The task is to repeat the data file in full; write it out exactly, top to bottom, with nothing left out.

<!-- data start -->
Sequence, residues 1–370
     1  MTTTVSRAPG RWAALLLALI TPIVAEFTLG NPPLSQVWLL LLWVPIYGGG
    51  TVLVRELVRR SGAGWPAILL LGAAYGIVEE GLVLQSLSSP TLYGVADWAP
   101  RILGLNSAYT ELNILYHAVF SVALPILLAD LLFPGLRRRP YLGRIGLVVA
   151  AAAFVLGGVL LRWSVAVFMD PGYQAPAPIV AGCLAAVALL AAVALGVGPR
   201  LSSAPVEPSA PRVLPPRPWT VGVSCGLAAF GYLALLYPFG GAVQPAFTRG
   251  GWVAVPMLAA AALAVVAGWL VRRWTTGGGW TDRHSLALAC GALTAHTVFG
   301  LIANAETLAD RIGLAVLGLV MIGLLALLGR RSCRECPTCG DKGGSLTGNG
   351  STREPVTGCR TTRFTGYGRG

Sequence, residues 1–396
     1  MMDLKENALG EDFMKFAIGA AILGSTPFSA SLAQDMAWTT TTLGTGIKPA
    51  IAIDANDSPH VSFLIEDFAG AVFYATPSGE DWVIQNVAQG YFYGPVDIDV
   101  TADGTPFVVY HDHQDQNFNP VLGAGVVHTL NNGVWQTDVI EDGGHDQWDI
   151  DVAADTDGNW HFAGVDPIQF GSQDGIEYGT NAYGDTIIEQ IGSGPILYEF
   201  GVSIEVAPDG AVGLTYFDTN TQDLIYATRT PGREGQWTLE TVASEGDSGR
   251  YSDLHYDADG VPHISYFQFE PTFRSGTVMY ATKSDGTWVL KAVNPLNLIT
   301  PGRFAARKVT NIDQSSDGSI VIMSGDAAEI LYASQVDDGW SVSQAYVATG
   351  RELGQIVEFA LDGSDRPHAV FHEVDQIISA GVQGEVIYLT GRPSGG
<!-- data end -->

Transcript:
Sequence, residues 1–370
     1  MTTTVSRAPG RWAALLLALI TPIVAEFTLG NPPLSQVWLL LLWVPIYGGG
    51  TVLVRELVRR SGAGWPAILL LGAAYGIVEE GLVLQSLSSP TLYGVADWAP
   101  RILGLNSAYT ELNILYHAVF SVALPILLAD LLFPGLRRRP YLGRIGLVVA
   151  AAAFVLGGVL LRWSVAVFMD PGYQAPAPIV AGCLAAVALL AAVALGVGPR
   201  LSSAPVEPSA PRVLPPRPWT VGVSCGLAAF GYLALLYPFG GAVQPAFTRG
   251  GWVAVPMLAA AALAVVAGWL VRRWTTGGGW TDRHSLALAC GALTAHTVFG
   301  LIANAETLAD RIGLAVLGLV MIGLLALLGR RSCRECPTCG DKGGSLTGNG
   351  STREPVTGCR TTRFTGYGRG

Sequence, residues 1–396
     1  MMDLKENALG EDFMKFAIGA AILGSTPFSA SLAQDMAWTT TTLGTGIKPA
    51  IAIDANDSPH VSFLIEDFAG AVFYATPSGE DWVIQNVAQG YFYGPVDIDV
   101  TADGTPFVVY HDHQDQNFNP VLGAGVVHTL NNGVWQTDVI EDGGHDQWDI
   151  DVAADTDGNW HFAGVDPIQF GSQDGIEYGT NAYGDTIIEQ IGSGPILYEF
   201  GVSIEVAPDG AVGLTYFDTN TQDLIYATRT PGREGQWTLE TVASEGDSGR
   251  YSDLHYDADG VPHISYFQFE PTFRSGTVMY ATKSDGTWVL KAVNPLNLIT
   301  PGRFAARKVT NIDQSSDGSI VIMSGDAAEI LYASQVDDGW SVSQAYVATG
   351  RELGQIVEFA LDGSDRPHAV FHEVDQIISA GVQGEVIYLT GRPSGG